The Von Bondies – Pawn Shoppe Heart

Detroit City.  In the parlance of Mr Jason Stollsteimer of The Von Bondies, a broken land. In the mind of this reviewer the font of some of the most important music of the 20th century. There’s a mood that even Detroit itself is sick of talking about Mr Jacky White and the rise of the two-piece, but it as a city it still staggers me.

The Motor City roll call makes me shudder. Motown in the 60’s. Hitsville USA. The Temptations, The Supremes, Marvin Gaye, Stevie Wonder. Garage punks like The Rationals. The motherfuckin’ MC5. The fearsome might of the 5’s little brother band, The Stooges. And it don’t stop at rock’n’roll – from what they tell me, four little Detroit kids called Juan Atkins, Eddie Fowlkes, Derrick May and Kevin Saunderson soaked up Kraftwerk, rap and the base rhythm of the car production plant robots and spat it all back as trance techno in the late 1980’s.

But Detroit isn’t about history. The Dirtbombs, The White Stripes, The Detroit Cobras, The Witches, The Sights – all the bands that seek out the analogue sanctuary of Mr Jim Diamond at the Ghetto Recorders prove that what’s coming outta the great state of Michigan means a helluva lot to what proper, real, true rock and roll music is in 2004.

The common element that all this talk seems to share is something about creativity and inventiveness founding itself out of nothingness. Your grandmother was right. When you don’t have television (or a job, or any clubs to go to, or any decent place to buy records or see bands) you make your own fun. But simultaneously, you can’t be constrained by the strictures of your home. You gotta do what comes natural like..

I guess that sets up where the Von Bondies are at.

Cos I gotta, here’s the bit about Jack White, just in case you ain’t picked up an NME in the last six months. Jack White of The White Stripes helped The Von Bondies out at the beginning of their career. Along with the above-mentioned Mr Diamond, Mr White was behind the mixing desk for their first couple of records. He took them out on the road with his band. When the Von Bondies grew up they had some spats about who should take credit for what and there was a nasty dust up. Here endeth the obligatory, value neutral, Jack White bit.

I started out with The Von Bondies a couple of years ago, when hype bubble surrounding the abovementioned Jack White brought their first record, Lack Of Communication to the attention of the general public. It was a messy slice of base cheap liquor and pseudoephedrine fuelled rock’n’roll that spoke of great things to come.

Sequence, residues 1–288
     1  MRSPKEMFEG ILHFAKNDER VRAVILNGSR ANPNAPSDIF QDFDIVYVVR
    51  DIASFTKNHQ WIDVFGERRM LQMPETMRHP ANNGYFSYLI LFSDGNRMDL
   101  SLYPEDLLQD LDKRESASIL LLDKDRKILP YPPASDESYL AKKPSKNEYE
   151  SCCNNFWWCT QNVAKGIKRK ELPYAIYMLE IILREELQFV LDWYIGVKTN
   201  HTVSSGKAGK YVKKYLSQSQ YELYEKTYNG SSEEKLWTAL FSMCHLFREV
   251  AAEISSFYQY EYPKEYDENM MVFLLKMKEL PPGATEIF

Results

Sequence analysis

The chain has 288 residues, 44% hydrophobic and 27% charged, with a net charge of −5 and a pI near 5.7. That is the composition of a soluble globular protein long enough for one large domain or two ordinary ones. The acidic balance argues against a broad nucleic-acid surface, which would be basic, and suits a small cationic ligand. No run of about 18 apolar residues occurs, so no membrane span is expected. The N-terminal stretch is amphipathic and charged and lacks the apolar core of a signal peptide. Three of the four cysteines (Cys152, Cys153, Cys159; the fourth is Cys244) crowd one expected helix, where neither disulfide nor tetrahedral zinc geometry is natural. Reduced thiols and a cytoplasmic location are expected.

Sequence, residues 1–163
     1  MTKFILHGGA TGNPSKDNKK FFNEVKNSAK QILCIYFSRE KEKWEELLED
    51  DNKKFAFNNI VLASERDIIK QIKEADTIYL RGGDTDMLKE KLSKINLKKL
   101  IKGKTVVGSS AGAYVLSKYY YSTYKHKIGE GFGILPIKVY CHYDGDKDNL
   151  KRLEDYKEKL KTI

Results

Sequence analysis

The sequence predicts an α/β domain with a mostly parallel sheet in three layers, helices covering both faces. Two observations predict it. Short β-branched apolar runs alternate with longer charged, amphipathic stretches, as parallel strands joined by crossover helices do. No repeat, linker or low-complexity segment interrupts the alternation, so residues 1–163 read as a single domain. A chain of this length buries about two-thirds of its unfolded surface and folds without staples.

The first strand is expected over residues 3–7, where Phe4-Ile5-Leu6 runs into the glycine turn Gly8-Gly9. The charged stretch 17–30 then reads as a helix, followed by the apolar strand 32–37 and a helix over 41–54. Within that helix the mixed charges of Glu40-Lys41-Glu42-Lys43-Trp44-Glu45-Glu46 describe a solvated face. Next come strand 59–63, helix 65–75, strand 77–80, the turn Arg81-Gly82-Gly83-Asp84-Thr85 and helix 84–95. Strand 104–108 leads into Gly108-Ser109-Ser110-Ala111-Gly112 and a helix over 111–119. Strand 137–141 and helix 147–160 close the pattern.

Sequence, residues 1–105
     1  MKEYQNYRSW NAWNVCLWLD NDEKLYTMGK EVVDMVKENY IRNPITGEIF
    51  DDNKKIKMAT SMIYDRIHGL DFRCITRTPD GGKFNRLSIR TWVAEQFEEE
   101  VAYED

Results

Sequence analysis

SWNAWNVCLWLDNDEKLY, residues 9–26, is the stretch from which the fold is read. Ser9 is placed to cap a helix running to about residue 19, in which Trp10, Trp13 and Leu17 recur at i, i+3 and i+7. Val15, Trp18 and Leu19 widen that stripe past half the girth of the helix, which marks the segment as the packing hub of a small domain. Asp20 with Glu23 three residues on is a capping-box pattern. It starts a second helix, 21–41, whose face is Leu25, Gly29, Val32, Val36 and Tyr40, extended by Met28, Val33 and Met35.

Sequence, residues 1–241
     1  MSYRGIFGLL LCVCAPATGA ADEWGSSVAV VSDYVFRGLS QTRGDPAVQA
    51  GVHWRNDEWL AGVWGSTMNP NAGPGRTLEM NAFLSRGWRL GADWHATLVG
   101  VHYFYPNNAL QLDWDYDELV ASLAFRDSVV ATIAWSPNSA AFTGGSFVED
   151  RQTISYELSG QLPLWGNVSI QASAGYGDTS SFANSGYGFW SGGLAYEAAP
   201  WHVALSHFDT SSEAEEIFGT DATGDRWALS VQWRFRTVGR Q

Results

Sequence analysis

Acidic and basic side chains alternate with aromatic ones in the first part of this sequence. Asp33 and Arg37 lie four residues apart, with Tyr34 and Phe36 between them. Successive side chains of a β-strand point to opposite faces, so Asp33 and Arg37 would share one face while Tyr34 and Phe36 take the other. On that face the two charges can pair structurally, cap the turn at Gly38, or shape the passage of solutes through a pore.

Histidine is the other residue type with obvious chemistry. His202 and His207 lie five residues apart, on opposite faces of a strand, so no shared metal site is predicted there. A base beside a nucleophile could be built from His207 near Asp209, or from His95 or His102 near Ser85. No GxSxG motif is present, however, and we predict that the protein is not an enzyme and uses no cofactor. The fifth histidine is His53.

Stopping off briefly to release a compendium of some live tracks their Peels Sessions, the aptly titled Raw and Rare, the Von Bondies second full length album, Pawn Shoppe Heart is at first so exciting because it’s like a growth ring on the stump of a tree – a tangible piece of evidence of a process of growth.

Lack Of Communication was, the band freely admits, a rush job that coulda been done a whole lot better. Pawne Shoppe Heart takes the energy of that record and filters it through a damn lot of hard work. The Von Bondies have been on the road pretty much constantly for the past three years building up a base of fans in Europe and the UK and crisscrossing the US playing in clubs to 20 people, then 100, then 300. The eagerness to turn this growth, both in popularity and as a band into a record is what pushes Pawn Shoppe Heart ever forward.

Marcie Bolen and Jason Stollsteimer push machine-gun-saw guitars through the centre of the mix, and Carrie Smith and Don Blum’s rhythm section lock into a fearsome groove in the first minute of No Regrets, the album’s opener and although there’s the occasional respite (Mairead, and Right Of Way).

The thing about this record is that it speaks about so much more than any number of garage rock arrivistes in it’s love of rock’n’roll, and it’s belief that you can love the Nuggets box, bubblegum pop and the Blues, and Van Halen all at the same time and reflect that in the records that you make.

Lyrically Stollsteimer’s lyrics each in their own capsule speak of characters and situations seen through a very particular lens. Even when Carrie Smith steps up to the mike for a perfect catchy pop song in Not That Social, it’s Stollsteimer’s words that she’s singing and there’s a unity of focus through everything else on the album.

What’s so awesome about Pawn Shoppe Heart is that it feels no need to revert to clichíƒÂ©s either musically or lyrically. On the albums title track, lyrically, Stollsteimer is Robert Plant, Robert Johnson, and Robert Tyner and himself all at once.

It’s an album personal that’s personal, dynamic, thrilling and captivating. It’s everything that rock’n’roll music, be it from Detroit, or anywhere, should be in 2004.